“This was probably the wizard’s conjuring room,” mused Berk. He eyed the object on the table; Kintrell moved to stand next to him and wondered aloud what the object could be.


“I’m not entirely sure,” Berk replied. Curious, he unsheathed his sword and was about to poke the cube-shaped thing when Kintrell cried out, “No, don’t!”


“What, Trell?”


“I-I don’t think you should do that, Berk.”


“Why not? Think it’s evil or something?”


“It-it . . . ” Kintrell shivered and cast his eyes nervously around the room. “I think we should leave this place.”


“All right, Trell, no need to wet yourself,” Berk said. He sheathed his sword, glancing at his pendant as he did so. The crystal was still dark, as it had been ever since they entered the tower. It was supposed to glow in the presence of hostile magic, or so the jeweller he bought it from claimed. Then again, perhaps there were some forms of evil too subtle to be detected by magical means.


A quick search of the room revealed nothing special. Berk ripped down the dark heavy cloth, which served merely to block the light coming in from the window. Satisfied that there was nothing to be gained in this room, he indicated to Kintrell that he was ready to leave.


The young thief was staring out the slitted window next to the table by the wall, gazing out over the woodlands. At Berk’s call, he turned and said, “This is the last room, so that means we’re finished, right?”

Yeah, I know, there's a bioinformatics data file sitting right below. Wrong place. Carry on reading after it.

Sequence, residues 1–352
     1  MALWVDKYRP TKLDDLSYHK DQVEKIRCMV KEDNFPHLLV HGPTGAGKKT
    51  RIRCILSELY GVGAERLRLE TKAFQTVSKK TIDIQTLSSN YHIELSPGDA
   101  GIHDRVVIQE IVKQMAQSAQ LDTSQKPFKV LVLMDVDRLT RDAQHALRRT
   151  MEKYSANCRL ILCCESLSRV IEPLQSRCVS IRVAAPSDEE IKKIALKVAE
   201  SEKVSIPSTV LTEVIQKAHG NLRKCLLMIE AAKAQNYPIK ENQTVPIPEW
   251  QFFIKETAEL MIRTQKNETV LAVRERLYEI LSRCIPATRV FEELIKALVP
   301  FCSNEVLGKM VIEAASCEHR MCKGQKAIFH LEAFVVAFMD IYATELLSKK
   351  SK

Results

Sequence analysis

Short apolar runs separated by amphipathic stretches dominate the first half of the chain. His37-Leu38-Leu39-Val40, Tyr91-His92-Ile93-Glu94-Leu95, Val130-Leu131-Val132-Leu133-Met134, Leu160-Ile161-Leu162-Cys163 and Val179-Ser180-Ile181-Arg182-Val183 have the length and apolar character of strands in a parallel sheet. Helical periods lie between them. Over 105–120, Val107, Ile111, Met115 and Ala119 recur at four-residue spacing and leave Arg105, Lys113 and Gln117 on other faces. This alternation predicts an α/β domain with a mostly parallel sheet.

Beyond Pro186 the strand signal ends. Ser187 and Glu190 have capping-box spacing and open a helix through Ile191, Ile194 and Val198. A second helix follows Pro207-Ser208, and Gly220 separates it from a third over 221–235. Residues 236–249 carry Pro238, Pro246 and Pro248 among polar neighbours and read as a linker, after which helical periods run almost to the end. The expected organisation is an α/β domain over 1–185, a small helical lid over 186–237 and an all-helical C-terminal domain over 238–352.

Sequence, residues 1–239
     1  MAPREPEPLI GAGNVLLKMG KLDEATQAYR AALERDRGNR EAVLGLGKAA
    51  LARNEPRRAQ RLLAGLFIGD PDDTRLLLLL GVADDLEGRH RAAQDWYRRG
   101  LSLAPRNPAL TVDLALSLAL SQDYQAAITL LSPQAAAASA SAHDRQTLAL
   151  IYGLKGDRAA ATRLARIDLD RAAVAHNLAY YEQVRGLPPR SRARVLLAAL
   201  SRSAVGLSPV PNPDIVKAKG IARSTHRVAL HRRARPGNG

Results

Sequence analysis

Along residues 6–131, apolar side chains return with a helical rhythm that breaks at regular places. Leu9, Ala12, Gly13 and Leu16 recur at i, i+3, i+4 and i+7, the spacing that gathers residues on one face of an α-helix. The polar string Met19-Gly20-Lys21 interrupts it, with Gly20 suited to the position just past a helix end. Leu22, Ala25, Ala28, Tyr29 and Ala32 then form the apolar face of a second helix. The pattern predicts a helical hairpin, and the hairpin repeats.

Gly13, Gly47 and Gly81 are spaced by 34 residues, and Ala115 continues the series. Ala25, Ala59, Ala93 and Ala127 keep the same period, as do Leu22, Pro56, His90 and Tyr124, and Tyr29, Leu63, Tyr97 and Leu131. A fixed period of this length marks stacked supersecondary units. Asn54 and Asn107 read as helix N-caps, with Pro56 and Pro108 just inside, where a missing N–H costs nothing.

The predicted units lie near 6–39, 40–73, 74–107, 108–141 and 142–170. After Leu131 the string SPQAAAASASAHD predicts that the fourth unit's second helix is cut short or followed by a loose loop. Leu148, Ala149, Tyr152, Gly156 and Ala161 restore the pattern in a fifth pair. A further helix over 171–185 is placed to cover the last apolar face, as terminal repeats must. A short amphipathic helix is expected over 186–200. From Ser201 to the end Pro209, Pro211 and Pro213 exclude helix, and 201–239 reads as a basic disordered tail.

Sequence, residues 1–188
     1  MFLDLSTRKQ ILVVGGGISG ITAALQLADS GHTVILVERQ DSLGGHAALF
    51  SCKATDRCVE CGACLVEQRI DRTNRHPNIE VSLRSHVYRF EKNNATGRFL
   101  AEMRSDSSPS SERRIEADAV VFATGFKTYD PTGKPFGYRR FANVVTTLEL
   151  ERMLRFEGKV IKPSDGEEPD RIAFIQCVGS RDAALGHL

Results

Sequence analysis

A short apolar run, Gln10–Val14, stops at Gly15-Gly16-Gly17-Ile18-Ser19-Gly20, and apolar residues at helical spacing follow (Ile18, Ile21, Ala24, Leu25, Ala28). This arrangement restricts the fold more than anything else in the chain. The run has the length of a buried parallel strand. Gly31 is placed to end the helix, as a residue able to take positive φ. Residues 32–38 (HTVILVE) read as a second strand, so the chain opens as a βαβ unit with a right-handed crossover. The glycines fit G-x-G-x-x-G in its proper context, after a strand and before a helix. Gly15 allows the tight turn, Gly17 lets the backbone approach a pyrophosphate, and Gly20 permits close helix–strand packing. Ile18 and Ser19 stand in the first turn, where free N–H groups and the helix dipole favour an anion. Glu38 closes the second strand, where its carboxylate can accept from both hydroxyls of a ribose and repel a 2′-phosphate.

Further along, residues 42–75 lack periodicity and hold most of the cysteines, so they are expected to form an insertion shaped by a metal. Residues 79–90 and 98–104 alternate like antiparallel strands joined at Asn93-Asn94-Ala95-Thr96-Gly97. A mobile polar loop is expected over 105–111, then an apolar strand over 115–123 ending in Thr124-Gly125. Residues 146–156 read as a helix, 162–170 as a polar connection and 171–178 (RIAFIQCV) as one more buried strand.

Berk nodded. “Not a bad haul, I’d say! Get your stuff and let’s leave.”


Kintrell reached down and picked up his makeshift treasure bag, having left the backpack and canvas bag on the previous level. It resisted his pull; he yanked harder, but the bag remained fast. With all his might he gave the bag one final yank; the low table flipped over and Kintrell found himself tumbling backwards into the table in the center of the room. Berk dropped his bag and started forward to try and catch him, but was too late to prevent Kintrell from slamming down atop the dark cube. There was a crunching sound, and Kintrell screamed as he felt shards of the object dig into his back.


“Trell!” Berk shouted as he raced to aid his companion. “Are you–” His words were cut off by a thin, shrill wail that suddenly pierced the air, accompanied by a burst of bright blue light that flared out from underneath Kintrell, where the dark cube had been.


Berk helped his friend off the table. Kintrell moaned as Berk removed pieces of what looked like charred wood from the young man’s back. Just then, another wail split the air; moments later, a violent tremor rippled through the tower. The two adventurers were thrown against the wall. Berk reached out to steady Kintrell, but suddenly clutched at his head as a searing pain shot through his mind. It lasted for only a second; Berk dropped his arms and saw Kintrell still holding his head.


“Trell, are you okay?” Berk asked as he shook the young man by the shoulders.


“W-what’s happening, Berk?” Kintrell stammered, his eyes full of fear.